Storms Bring Tornadoes, Hail and Wind - 29 April 2009
The image depicts the more significant severe weather reports that occurred during the afternoon and evening of April 29th. Locations are approximate and reports preliminary. Please see the local storm reports for more details. Click on the image for a larger view.
The image depicts the more significant severe weather reports that occurred during the afternoon and evening of April 29th. Locations are approximate and reports preliminary. Please see the local storm reports for more details. Click on the image for a larger view.

Abundant amounts of low-level moisture and instability combined with modest wind shear and a residual outflow boundary to produce a number of supercell thunderstorms to the far southern Panhandle, and northern portions of the South Plains and Rolling Plains.

Thunderstorm initiation actually began early in the afternoon across the southern Rolling Plains. But the activity quickly shifted to the north by late afternoon as thunderstorms developed near an outflow boundary from previous storms the day before. Due to the very unstable atmosphere, these storms quickly became severe and the first tornado of the day was spotted west of Estelline in Hall County around 4:20 pm. By 5 pm, a large storm had developed over Hale county west of Plainview. This storm moved to the east and produced several tornadoes across Floyd county as it interacted with the outflow boundary. At this time (around 6 pm), many storm spotters and chasers obtained photos and video of the tornadoes - at one point at least two tornadoes were observed at the same time. The last tornadoes were reported just before 7 pm, and as the storm continued east into across Motley and into Cottle County it interacted with other storms moving northeast out of Dickens County and lost the tight tornadic circulation. Nevertheless, the storm remained severe - producing large hail and damaging winds of at least 75 mph as it went across Cottle County. This resulted in widespread wind damage in  Paducah.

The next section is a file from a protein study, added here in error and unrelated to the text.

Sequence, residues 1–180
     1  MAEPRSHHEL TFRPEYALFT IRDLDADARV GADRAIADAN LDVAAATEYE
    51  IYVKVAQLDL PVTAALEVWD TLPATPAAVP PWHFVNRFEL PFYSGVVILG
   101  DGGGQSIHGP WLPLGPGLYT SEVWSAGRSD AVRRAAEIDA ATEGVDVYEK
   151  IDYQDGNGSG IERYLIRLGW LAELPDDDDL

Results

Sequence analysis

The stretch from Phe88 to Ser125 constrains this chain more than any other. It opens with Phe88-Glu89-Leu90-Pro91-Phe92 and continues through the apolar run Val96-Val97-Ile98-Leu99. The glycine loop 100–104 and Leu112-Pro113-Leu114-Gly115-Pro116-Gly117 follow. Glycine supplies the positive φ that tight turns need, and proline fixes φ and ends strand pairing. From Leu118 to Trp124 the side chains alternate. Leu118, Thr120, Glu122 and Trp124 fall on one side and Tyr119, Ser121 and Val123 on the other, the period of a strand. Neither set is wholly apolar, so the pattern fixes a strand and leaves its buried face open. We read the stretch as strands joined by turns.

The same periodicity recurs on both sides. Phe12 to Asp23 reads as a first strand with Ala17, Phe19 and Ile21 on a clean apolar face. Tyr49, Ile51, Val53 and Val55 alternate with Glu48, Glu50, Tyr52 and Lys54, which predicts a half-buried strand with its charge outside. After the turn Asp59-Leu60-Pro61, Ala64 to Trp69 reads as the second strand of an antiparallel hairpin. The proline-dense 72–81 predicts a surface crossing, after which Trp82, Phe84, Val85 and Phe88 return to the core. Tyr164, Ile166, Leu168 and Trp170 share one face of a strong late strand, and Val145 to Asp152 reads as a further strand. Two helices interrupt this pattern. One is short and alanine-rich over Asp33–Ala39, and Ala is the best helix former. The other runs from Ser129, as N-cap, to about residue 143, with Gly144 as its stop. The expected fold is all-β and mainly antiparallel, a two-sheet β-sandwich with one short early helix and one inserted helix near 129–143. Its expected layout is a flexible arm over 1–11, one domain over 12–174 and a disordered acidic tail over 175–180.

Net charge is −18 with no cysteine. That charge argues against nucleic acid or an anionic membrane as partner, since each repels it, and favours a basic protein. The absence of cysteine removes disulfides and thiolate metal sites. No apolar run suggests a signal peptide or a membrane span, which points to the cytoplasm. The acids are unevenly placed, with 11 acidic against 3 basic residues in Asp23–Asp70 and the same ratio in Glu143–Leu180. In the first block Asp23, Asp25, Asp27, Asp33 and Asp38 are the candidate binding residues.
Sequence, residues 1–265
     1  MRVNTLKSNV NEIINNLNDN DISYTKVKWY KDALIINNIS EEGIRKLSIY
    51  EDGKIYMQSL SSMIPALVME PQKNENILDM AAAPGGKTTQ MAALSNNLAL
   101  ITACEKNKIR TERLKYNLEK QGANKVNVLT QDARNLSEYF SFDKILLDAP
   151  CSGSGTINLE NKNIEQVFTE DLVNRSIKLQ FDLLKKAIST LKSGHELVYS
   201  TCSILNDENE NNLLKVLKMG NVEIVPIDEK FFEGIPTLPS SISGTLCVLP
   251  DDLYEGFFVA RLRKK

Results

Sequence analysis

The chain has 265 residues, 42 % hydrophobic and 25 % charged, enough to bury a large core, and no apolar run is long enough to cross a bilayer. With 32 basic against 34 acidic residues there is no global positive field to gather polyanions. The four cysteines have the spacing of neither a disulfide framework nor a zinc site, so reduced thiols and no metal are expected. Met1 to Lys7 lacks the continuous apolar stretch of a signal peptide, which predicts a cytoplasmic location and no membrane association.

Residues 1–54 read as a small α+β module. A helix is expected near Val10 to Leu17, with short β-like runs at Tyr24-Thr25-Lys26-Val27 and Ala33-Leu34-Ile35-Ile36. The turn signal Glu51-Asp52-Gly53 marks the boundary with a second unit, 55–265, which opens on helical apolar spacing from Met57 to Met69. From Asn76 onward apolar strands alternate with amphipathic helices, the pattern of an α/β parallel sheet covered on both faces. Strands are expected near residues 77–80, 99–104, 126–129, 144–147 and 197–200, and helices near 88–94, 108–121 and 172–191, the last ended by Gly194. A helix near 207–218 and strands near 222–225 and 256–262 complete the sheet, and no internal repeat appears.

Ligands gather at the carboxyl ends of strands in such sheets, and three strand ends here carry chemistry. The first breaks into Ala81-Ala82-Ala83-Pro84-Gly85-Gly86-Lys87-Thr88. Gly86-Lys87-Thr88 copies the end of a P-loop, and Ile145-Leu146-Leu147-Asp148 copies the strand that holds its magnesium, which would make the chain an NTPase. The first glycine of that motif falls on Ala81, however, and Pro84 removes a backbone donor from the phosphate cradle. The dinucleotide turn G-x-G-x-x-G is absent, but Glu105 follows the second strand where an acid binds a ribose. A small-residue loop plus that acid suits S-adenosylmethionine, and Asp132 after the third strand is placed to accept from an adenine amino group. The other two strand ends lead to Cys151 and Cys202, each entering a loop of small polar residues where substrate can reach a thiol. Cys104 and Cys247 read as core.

Click HERE to view the local storm reports from the event.

Close-up photograph of one of the tornadoes near Cedar Hill. Photo taken by KLBK-TV Meteorologist Holly McCarthy (Courtesy Matt Laubhan). Click on the image for a larger view.

NWS meteorologist Jason Jordan took these photos of the tornadoes that touched down near Cedar Hill in northeast Floyd County (click on the images to enlarge).

 
Image of the Lubbock Operations Area during the April 29th Storms
Image of the Lubbock Operations Area during the April 29th Storms
Here are two pictures taken of the severe weather operations at the Lubbock office during the event (click on the images to enlarge).

Picture taken by Wesley Luginbyhl from near Cedar Hill (click on the image to enlarge). The image was taken at 6:13 pm, with the tornado located approximately 2 1/2 miles west of Cedar Hill.
Pictures taken by Wesley Luginbyhl from near Cedar Hill (click on the image to enlarge). The image was taken at 6:19 pm looking south-southwest from 1 mile east of Cedar Hill..
Above are two pictures taken by Wesley Luginbyhl from near Cedar Hill (click on the images to enlarge). The left image was taken at 6:13 pm, with the tornado located approximately 2 1/2 miles west of Cedar Hill. The right image was taken at 6:19 pm looking south-southwest from 1 mile east of Cedar Hill.

USA.gov is the U.S. government's official web portal to all federal, state and local government web resources and services.